On our final day in Golden Bay (booo!), Andy and I decided to fit in as much as possible. Our flight home from Nelson wasn’t scheduled to depart until the evening, so we took full advantage of the time we had left. In the morning, we reluctantly said farewell to our incredible bach and hit the road toward Te Waikoropupū Springs (also known as “Pupu Springs,” a decidedly unappealing name). These springs have some of the clearest water in the world (around 200 feet horizontal visibility) and are spiritually significant to the local Māori.
We started off on the boardwalk that leads to the springs.
It wasn’t long before we made it to our destination.
It’s hard to get an idea of just how clear the water is on a cloudy day, but it was spectacular nonetheless. Up until recently, divers were allowed to explore the springs, but due to their spiritual significance and fragility, they’re now off limits.
We headed out shortly so we’d have plenty of time to explore other places on the drive from Takaka to Nelson.
Andy was kind enough to stop on the road just outside Takaka so I could get some shots of a lonely abandoned house that had caught my eye earlier.
We made the serpentine ascent up Takaka Hill and decided to take a detour to check out a Lord of the Rings filming location (by decided I mean that my nerdy self talked Andy into it). The spot was several kilometers down an unsealed road, but we were rewarded with stunning scenery and no humans (or hobbits, sadly) in sight. I couldn’t really pin down the precise filming spot, but it was great to explore the area. It’s all Middle Earth to me.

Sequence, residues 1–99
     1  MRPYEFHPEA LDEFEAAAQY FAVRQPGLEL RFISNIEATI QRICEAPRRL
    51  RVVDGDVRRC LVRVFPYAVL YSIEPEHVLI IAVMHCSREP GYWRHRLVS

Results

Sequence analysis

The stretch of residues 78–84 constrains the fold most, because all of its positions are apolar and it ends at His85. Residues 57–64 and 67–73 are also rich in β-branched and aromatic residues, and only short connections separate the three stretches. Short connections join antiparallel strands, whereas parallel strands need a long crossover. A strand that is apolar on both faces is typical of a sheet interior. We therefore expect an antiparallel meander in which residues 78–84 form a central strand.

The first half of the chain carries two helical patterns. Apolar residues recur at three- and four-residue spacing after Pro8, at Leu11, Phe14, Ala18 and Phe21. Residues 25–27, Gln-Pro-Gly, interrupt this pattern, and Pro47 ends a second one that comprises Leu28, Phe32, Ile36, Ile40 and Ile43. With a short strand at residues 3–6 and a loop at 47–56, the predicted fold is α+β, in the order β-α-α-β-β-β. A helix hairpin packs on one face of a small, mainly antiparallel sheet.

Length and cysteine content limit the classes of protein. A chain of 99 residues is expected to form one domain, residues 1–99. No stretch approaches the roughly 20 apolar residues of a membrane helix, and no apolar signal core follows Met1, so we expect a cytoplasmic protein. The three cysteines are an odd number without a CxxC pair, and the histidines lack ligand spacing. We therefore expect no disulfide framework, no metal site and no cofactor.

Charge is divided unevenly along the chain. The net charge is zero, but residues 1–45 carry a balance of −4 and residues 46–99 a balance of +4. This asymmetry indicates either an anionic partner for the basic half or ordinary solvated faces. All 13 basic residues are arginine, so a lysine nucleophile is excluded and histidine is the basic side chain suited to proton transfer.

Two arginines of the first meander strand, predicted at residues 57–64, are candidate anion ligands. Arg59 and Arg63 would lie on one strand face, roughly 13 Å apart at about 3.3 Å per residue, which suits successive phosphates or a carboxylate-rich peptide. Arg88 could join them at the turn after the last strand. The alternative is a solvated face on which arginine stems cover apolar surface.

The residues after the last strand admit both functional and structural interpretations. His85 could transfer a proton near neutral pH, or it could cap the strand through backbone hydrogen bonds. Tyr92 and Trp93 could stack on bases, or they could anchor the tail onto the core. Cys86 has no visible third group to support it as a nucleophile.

Our trusty steed (car commercial, perhaps?):
And when I saw something to climb, I couldn’t resist.
We continued a little further to the area known as Canaan Downs. It would be an awesome spot to camp, but maybe not during the hippy festival, Luminate, that’s held here once a year. I much preferred having it all to ourselves.
I had to get a couple shots of the road through the trees up ahead before we turned back.
After making the bumpy return trip and finally reaching the main road over the hill, we didn’t stop again until Kaiteriteri.
Wow! What an incredible spot. Kaiteriteri is the gateway to Abel Tasman National Park and becomes a huge tourist spot in the warmer months. It was almost empty when we arrived, so we had most of the beach to ourselves (except for some Kiwi kids carrying a pig head that they proudly told us they found… hmm). We grabbed lunch (green-lipped mussels, yum!) and strolled leisurely along the shore.
The color of the sand and water was incredible. I’d love to come back in the summer and kayak around here.
We explored the shoreline and took a trail up to a great lookout spot with views over Kaiteriteri and the adjacent Little Kaiteriteri.
We still had quite a bit of time before our flight, but we decide to just head back to Nelson early.
We stopped briefly at Tahunanui Beach just outside Nelson, but the weather had become a bit cold for any enjoyable exploration.
We decided to just drop the rental car off at the airport and walked to a cool nearby pub to wile away our remaining couple of hours. Not a bad way to end an incredible trip! Now, we’ll just have to head back down for the Abel Tasman trek in the warmer months.